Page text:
Exodus 23:9 equates the experience of being a foreigner with the experience of being oppressed. “You know what it feels like to be foreigners.” To be an outsider. Ridiculed. Alone. Hated. Labeled. Enslaved. Exploited. What does that feel like? Terrifying. Shameful. Sorrowful. Hopeless. Exhausting. Out of control. Unexplainable to children. Destructive to marriage.
No wonder many of our immigrant brothers and sisters in the U.S. are so desperate for God. No wonder that in the midst of suffering and sacrifice, it is among immigrant communities that the American church is most vibrant. These experiences sound a lot like Jesus’ feelings as the divine-foreigner: “a man of sorrows and familiar with suffering.”
In my experience, Good Friday is often a deeper, more powerful experience in the midst of oppressed communities. They feel, almost palpably, the same rejection, betrayal, and isolation Jesus did in their daily lives. And our “foreigner” friends are often still waiting for resurrection day power to be demonstrated in their lives while others of us camp out, celebrating Easter because our lives feel more like celebrations. Maybe, this Lent, those on the margins as well as those well inside them can walk together through the sorrow and brokenness of Good Friday to the joy and celebration of Easter.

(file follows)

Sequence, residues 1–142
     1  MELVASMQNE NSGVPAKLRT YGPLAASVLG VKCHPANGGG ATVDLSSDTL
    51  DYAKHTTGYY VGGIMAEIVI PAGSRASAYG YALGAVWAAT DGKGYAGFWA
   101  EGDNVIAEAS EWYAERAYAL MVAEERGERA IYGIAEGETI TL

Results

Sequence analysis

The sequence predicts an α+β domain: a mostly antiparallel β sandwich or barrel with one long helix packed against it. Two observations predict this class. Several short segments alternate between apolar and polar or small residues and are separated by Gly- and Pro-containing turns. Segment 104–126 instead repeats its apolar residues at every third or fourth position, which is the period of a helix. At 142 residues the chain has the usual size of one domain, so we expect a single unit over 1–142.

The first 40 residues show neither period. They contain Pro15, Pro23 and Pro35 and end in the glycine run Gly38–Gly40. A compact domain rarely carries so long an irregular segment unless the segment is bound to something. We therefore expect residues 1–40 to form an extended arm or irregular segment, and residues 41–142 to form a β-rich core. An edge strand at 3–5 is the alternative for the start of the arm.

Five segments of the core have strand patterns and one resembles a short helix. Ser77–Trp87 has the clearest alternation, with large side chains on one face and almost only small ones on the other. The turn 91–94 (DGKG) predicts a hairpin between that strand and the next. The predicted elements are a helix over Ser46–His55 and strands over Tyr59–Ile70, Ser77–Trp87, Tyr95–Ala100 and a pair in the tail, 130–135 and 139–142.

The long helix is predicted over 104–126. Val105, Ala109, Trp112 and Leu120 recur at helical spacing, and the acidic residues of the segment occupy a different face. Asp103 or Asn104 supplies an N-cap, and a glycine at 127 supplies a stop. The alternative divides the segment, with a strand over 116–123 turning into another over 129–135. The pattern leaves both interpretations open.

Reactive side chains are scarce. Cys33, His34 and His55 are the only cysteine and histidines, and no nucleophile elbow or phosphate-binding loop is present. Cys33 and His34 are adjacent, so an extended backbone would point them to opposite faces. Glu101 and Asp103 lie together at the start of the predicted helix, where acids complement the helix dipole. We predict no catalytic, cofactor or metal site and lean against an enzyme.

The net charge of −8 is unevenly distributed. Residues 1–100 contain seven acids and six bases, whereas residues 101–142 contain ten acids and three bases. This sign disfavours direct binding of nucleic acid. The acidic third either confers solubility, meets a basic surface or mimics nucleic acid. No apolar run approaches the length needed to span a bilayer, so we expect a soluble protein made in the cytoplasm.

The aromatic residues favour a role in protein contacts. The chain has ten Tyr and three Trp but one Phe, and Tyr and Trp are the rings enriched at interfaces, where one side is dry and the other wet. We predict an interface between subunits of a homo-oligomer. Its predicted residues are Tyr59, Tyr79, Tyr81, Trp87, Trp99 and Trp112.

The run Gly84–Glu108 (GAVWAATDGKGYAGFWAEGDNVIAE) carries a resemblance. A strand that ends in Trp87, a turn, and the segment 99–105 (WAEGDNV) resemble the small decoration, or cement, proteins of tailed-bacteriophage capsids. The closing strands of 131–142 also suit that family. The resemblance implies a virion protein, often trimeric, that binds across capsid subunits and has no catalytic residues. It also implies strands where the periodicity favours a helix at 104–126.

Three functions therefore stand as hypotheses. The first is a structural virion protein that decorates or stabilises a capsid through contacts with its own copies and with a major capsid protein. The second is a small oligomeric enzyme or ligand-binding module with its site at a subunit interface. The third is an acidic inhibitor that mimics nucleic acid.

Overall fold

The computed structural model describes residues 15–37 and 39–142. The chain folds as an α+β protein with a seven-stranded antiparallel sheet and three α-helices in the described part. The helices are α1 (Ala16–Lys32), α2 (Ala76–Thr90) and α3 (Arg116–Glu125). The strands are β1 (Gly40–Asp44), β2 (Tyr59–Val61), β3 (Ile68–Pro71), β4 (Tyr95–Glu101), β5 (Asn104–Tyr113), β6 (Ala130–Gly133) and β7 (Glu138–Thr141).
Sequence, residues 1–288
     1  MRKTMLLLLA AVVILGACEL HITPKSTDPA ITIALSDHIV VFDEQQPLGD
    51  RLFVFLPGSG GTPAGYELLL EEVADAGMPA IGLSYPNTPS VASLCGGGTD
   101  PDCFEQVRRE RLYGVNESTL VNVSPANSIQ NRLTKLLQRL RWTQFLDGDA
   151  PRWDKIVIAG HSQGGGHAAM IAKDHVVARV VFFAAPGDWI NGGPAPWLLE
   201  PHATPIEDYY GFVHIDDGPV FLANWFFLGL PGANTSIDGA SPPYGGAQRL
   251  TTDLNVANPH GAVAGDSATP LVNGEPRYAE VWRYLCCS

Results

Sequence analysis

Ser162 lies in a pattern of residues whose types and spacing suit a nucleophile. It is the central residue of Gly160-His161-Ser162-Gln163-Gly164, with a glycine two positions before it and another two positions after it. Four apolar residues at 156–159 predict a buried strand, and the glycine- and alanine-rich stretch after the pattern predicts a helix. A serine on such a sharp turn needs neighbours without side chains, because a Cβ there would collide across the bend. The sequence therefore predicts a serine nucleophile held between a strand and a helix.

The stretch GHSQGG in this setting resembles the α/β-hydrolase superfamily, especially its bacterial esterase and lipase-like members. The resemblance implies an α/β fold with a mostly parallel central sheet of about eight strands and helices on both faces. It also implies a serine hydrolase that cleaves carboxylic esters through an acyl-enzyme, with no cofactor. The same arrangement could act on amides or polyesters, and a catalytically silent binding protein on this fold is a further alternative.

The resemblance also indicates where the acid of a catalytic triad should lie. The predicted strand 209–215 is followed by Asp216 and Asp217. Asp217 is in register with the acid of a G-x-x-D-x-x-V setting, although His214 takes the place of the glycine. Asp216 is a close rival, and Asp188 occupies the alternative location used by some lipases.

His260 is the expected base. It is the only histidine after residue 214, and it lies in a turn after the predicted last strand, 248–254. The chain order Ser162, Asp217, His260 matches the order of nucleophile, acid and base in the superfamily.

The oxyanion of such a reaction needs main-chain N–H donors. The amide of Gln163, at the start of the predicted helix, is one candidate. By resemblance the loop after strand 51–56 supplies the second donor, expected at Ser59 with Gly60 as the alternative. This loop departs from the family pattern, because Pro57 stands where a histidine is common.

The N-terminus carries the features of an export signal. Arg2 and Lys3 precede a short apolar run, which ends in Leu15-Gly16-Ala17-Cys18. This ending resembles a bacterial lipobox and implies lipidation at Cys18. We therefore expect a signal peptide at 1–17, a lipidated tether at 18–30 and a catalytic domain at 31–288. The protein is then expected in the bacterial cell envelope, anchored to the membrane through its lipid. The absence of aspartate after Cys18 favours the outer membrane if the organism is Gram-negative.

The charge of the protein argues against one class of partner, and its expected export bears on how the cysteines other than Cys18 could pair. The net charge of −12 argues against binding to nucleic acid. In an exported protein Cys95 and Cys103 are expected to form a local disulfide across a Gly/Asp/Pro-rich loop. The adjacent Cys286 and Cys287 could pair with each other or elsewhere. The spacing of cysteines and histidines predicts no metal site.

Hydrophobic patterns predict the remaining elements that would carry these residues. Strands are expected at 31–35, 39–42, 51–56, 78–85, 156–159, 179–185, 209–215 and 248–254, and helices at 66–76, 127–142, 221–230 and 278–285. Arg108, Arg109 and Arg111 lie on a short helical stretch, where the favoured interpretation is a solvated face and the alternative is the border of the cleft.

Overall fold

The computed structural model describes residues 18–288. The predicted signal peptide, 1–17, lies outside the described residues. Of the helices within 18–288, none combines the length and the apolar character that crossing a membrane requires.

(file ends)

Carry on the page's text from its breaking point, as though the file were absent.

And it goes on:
Those not familiar with Jesus way of suffering will find it a transformational—following Jesus on the margins. We forget what it feels like to suffer, to sacrifice. Therefore, sometimes we forget to care. We do not speak up or defend. We do not embrace those labeled, hated, and alone. We forget that Christ became a stranger and suffered to fulfil God’s mission in the world—to reach those who were strangers and far from God—to welcome them home.
So, what is our challenge? To love our Jesus who lived in the margins during his earthly life and lives today on the margins with those who are oppressed and ostracized. To remember who we are (“strangers and aliens”) and how that feels. To stand with our immigrant brothers and sisters. To embrace and defend those who are discriminated against. To walk through the suffering and celebration of Holy Week.